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View Diary: Extra! Extra! Read the word that wins the tax cut debate! (288 comments)

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  •  but if we cant even talk about it (6+ / 0-)

    if you ask a repub for 39.6 they'll give 37. Just start asking for the 70%,  At this point 39 doesnt do crap for the economy or working families.

    FDR and LBJ didnt ask for a penny when they needed a dollar, they hammered shit thru with a vengeance.

    Just what does 39.6% get us? Realistically, with U6 in the high teens, GDP hovering between 1.8 and 2.2%, just what do you expect to accomplish with 39,6%?

    Stop negotiating, fight for what you know is right. We're on the verge of sliding into another depression. Hell even Bernanke is shitting bricks, calling for massive job stim, calling unemployment the biggest risk to the economy.

    FDR 9-23-33, "If we cannot do this one way, we will do it another way. But do it we will.

    by Roger Fox on Fri Nov 26, 2010 at 09:50:09 PM PST

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    •  At this point in time... (4+ / 0-)

      ...if you ask for a 70% marginal tax rate on the rich, you'll get dismissed as a nut, and won't even be part of the debate.

      Considering that 70% was the top rate just 30 years ago, that tells me how far to the right the "overton window" has moved when it comes to taxes.  While there is merit in asking for more than you expect to receive, it still has to be something that is considered generally reasonable in the current climate.

      Reagan knew this when he pushed for his tax changes.  When he took office, the top rate was 70%.  When he left office, it was 28%.  But he didn't try for 28% in 1981 -- he shot for 50%, and got it.  Once he had that, he tried again and got 28%.  But if he had suggested 28% in 1981, his tax proposals would have been DOA.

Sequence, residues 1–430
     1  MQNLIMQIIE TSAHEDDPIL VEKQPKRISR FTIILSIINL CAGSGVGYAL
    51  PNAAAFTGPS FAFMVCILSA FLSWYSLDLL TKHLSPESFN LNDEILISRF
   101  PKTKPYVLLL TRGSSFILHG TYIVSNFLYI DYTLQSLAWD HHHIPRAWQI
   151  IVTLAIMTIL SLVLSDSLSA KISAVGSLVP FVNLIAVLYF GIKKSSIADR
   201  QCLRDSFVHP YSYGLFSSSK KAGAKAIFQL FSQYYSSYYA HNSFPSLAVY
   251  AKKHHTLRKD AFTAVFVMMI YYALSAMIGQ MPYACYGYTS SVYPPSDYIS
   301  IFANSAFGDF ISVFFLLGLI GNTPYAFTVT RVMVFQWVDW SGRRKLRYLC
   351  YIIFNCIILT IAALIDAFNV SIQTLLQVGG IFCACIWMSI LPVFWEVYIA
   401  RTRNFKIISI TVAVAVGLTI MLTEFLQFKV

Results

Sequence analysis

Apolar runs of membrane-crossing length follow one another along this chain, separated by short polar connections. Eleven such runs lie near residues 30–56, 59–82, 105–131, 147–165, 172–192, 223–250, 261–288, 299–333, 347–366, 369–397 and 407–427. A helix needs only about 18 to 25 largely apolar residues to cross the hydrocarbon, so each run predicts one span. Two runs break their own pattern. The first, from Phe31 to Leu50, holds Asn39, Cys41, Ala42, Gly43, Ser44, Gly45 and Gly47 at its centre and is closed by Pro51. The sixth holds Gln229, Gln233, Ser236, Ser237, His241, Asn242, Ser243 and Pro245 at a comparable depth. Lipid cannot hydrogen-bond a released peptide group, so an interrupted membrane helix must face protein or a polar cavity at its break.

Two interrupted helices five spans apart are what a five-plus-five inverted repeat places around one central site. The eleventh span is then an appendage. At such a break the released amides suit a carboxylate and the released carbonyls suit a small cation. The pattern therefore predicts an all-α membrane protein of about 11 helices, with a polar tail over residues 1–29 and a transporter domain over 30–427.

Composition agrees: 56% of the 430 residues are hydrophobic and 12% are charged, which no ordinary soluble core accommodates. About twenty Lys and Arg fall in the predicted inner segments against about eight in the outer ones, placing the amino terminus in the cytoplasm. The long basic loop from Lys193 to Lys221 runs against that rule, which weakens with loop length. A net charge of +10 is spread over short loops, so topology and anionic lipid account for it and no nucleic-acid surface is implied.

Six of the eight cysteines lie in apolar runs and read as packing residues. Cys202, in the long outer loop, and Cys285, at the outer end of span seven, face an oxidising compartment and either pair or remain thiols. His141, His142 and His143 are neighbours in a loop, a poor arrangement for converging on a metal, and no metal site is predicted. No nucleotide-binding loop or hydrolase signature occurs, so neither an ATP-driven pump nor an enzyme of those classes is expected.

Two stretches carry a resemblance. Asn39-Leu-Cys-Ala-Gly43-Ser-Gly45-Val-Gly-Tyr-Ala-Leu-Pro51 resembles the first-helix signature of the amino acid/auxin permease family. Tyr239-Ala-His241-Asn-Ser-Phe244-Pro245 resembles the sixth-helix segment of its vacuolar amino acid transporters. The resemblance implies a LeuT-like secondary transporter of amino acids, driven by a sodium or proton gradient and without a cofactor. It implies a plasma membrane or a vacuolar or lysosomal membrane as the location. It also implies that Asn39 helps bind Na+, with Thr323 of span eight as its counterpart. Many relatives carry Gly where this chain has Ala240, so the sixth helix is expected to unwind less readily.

Meanwhile, the current debate is framed by the fact that inaction will give us a tax rate of 39.6% -- which means that really is the default for the current discussion.  

      Once that is done, I'd love to see a push for some additional brackets -- I'd push for 50% on millionaires, with the expectation of getting 45%.  Then for 60% on multimillionaires, with the expectation of getting 50 or 55%.  And so on...  Eventually, 70% could be within the "overton window" again...but we're not there right now.

      Political Compass: -6.75, -3.08

      by TexasTom on Sat Nov 27, 2010 at 09:11:40 AM PST

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      •  Oh, and I'd pitch the reason for the increase... (2+ / 0-)
        Recommended by:
        goheelsgodems, Seneca Doane

        ...as debt reduction.  That way, the "serious" people would either have to take it seriously, or else explain why they think that the pain of debt reduction should only fall on the poor and middle class.

        Political Compass: -6.75, -3.08

        by TexasTom on Sat Nov 27, 2010 at 09:12:40 AM PST

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      •  The biggest tax raise in 1983 (1+ / 0-)
        Recommended by:
        Seneca Doane

        after the biggest cut in 1982. Reagan's crew did the most radical restructuring of the tax code to put most of the burden on the lower 95%.

        The AMT was designed to hit the top 400 or so families that were paying essentially 0 taxes. After Reagan it started settling on a lower and ever lower percentile of tax payers.

        He cut deductions that helped the middle income earners such as the deduction for sales taxes and for interest on other things besides houses. The rich don't pay interest on credit cards; they pay them off each month. The rest of us have to run a balance at least at times of unexpected emergencies.

        There were a lot of other changes like that.

        I'm asking you to believe. Not in my ability to bring about real change in Washington ... I'm asking you to believe in yours. Barack Obama

        by samddobermann on Sun Nov 28, 2010 at 11:13:48 AM PST

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